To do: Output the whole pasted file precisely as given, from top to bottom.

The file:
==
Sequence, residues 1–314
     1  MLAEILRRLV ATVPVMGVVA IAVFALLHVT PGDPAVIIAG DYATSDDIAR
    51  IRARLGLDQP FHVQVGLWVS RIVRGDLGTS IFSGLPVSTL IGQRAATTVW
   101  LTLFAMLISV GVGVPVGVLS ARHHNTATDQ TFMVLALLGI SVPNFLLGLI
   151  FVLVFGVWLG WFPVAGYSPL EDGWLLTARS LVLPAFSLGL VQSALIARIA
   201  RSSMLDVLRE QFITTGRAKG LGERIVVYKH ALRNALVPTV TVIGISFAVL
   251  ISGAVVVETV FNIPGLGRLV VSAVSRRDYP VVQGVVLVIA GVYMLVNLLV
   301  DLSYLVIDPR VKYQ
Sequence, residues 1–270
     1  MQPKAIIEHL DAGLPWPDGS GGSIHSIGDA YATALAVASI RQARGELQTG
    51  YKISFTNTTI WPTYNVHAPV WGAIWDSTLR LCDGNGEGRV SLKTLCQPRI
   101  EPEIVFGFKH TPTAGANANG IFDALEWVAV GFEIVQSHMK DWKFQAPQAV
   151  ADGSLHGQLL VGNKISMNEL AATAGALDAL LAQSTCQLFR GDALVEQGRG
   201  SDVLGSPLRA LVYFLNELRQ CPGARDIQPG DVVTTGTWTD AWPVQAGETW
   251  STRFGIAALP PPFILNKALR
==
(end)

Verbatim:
Sequence, residues 1–314
     1  MLAEILRRLV ATVPVMGVVA IAVFALLHVT PGDPAVIIAG DYATSDDIAR
    51  IRARLGLDQP FHVQVGLWVS RIVRGDLGTS IFSGLPVSTL IGQRAATTVW
   101  LTLFAMLISV GVGVPVGVLS ARHHNTATDQ TFMVLALLGI SVPNFLLGLI
   151  FVLVFGVWLG WFPVAGYSPL EDGWLLTARS LVLPAFSLGL VQSALIARIA
   201  RSSMLDVLRE QFITTGRAKG LGERIVVYKH ALRNALVPTV TVIGISFAVL
   251  ISGAVVVETV FNIPGLGRLV VSAVSRRDYP VVQGVVLVIA GVYMLVNLLV
   301  DLSYLVIDPR VKYQ
Sequence, residues 1–270
     1  MQPKAIIEHL DAGLPWPDGS GGSIHSIGDA YATALAVASI RQARGELQTG
    51  YKISFTNTTI WPTYNVHAPV WGAIWDSTLR LCDGNGEGRV SLKTLCQPRI
   101  EPEIVFGFKH TPTAGANANG IFDALEWVAV GFEIVQSHMK DWKFQAPQAV
   151  ADGSLHGQLL VGNKISMNEL AATAGALDAL LAQSTCQLFR GDALVEQGRG
   201  SDVLGSPLRA LVYFLNELRQ CPGARDIQPG DVVTTGTWTD AWPVQAGETW
   251  STRFGIAALP PPFILNKALR